Very few grants are available to start or expand a for-profit business unless you have invented a new technology. Most grants are available to non-profits and community organizations to expand their work or to fund special projects and activities.
SBIR/STTR Grants: With few exceptions, most grants available to for-profit start-up businesses are SBIR and STTR grants (Small Business Innovation Research and Small Business Technology Research). If you have invented an innovative product that will serve the national interest, you may qualify for an SBIR or an STTR grant to help develop it. Grants are offered by 11 federal agencies through a competitive process. Information is available at SBIR.gov.
If you think you may qualify for an SBIR grant, contact your nearest Small Business Development Center for assistance in applying.
Grants for Innovation: If you own an existing for-profit business (not a start-up) that is engaged in the development of new processes or technologies or uses natural resources in an innovative way, you may qualify for a research grant. To find grant opportunities, see the following:
- Assistance Listings (formerly Catalog of Federal Domestic Assistance)
- U.S. Department of Agriculture Rural Development – grants for special business activities in rural communities
- U.S. Department of Energy and Sustainable Energy Programs
- U.S. Department of Justice
- U.S. Department of Education
- National Institute of Health
- Housing and Urban Development (HUD)
- U.S. Fish & Wildlife Service
- U.S. Bureau of Reclamation – WaterSMART Grants
Made in America Grants: If you are a manufacturer of a product that is made in America and you have problems competing with foreign businesses, you may be eligible for assistance through the Northwest Trade Adjustment Assistance Center. Eligible businesses must be located in Idaho, Alaska, Oregon or Washington.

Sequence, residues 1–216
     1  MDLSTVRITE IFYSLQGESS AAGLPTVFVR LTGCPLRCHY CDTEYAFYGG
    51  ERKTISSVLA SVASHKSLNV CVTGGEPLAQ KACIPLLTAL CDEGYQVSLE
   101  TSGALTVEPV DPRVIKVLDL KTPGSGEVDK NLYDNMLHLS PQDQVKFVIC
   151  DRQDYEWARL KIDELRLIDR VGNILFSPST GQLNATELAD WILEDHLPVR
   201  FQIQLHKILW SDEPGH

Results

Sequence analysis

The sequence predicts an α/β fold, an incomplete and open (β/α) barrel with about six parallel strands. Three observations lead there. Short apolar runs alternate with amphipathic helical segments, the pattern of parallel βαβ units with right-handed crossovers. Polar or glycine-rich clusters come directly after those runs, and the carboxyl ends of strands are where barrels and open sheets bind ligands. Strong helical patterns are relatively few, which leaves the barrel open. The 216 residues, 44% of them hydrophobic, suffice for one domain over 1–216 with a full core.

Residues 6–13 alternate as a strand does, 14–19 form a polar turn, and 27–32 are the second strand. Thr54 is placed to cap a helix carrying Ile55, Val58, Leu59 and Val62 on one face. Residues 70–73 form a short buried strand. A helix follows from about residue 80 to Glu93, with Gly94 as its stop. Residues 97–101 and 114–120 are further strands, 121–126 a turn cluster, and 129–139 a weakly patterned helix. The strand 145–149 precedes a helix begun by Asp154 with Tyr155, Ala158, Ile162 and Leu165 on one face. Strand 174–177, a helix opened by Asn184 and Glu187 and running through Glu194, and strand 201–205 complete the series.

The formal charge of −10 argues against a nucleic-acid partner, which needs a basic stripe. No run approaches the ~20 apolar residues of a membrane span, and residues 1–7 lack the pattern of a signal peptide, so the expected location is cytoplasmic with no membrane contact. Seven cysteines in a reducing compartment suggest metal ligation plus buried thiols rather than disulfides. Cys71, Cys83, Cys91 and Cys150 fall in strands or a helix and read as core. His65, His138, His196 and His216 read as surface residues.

U.S. Economic Development Administration: Economic development assistance and disaster recovery grants – available to communities and tribes
Agriculture Loans and Grants: The Idaho Department of Agriculture offers several financial programs.
USDA Rural Development: Rural Development Business Programs – Idaho
Idaho Regional Travel Grant Program – available to chambers, visitors centers, travel councils and other community organizations to promote tourism in their area
FedEx Small Business Grants
National Association for the Self-Employed micro grants
Wells Fargo Grants: available to community organizations and nonprofits for community development activities
Idaho Power Local Energy Efficiency Funds – grants for energy conservation projects
Amber Grants for Women – Monthly grants of $500 are offered. At the end of the year, one of the monthly winners will receive an additional $25,000. See WomensNet for details.
Best Buy Community Grants – Available to community organizations that provide programs to develop the technology skills of teens. Application deadline varies and restrictions apply.
Chobani Community Impact Fund – available to businesses in the Magic Valley to expand economic opportunity and promote entrepreneurship
Non-profits: If you are a non-profit organization, these sites will be helpful:
Other Programs: Special business assistance programs for women, minorities, veterans, the disabled, and others are available, but they are usually for low interest loans, government contracting opportunities, and other types of assistance, not grants.
Tax Incentives: Your business may qualify for tax incentives (tax credits) for certain business activities, such as creating new jobs in an economically depressed area, hiring the long-term unemployed, or making workplace accommodations for a disabled employee. Incentives are offered at both the state and federal levels. State programs are listed on the Idaho Department of Commerce website. To find federal tax incentives, visit the Internal Revenue Service website.
SCOR/U-7 Finance Program: The Small Company Offering Regulations program administered by the Idaho Department of Finance enables established businesses to accept investment funds from qualified Idaho investors without registering with the U.S. Securities and Exchange Commission.
Challenge.gov: Government agencies having a specific need list it on Challenge.gov. Businesses and individuals can submit a solution. The needs regularly change, as do the requirements to submit a proposal.
To learn about funding for which your business may qualify, talk with a counselor at the Boise or Spokane Small Business Administration offices, the Idaho Small Business Development Center, or a SCORE counselor. Contact information for each organization is listed in the Assistance Resources section of this site. Counseling services are free.